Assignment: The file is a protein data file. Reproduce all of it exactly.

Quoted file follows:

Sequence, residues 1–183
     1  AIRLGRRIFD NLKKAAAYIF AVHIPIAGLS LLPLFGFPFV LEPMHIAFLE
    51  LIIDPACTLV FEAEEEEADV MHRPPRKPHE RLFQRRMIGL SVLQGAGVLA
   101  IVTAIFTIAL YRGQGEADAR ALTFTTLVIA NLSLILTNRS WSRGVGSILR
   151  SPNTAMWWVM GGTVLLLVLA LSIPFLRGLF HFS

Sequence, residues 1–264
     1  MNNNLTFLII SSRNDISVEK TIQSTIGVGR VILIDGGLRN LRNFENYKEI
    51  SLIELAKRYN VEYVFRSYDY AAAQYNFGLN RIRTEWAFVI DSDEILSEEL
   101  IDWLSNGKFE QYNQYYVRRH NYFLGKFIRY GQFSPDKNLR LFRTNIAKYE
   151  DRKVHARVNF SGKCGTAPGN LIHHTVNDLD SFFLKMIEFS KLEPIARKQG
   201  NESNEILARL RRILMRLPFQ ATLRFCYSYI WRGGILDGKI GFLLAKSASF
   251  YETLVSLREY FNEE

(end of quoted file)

Sequence, residues 1–183
     1  AIRLGRRIFD NLKKAAAYIF AVHIPIAGLS LLPLFGFPFV LEPMHIAFLE
    51  LIIDPACTLV FEAEEEEADV MHRPPRKPHE RLFQRRMIGL SVLQGAGVLA
   101  IVTAIFTIAL YRGQGEADAR ALTFTTLVIA NLSLILTNRS WSRGVGSILR
   151  SPNTAMWWVM GGTVLLLVLA LSIPFLRGLF HFS

Sequence, residues 1–264
     1  MNNNLTFLII SSRNDISVEK TIQSTIGVGR VILIDGGLRN LRNFENYKEI
    51  SLIELAKRYN VEYVFRSYDY AAAQYNFGLN RIRTEWAFVI DSDEILSEEL
   101  IDWLSNGKFE QYNQYYVRRH NYFLGKFIRY GQFSPDKNLR LFRTNIAKYE
   151  DRKVHARVNF SGKCGTAPGN LIHHTVNDLD SFFLKMIEFS KLEPIARKQG
   201  NESNEILARL RRILMRLPFQ ATLRFCYSYI WRGGILDGKI GFLLAKSASF
   251  YETLVSLREY FNEE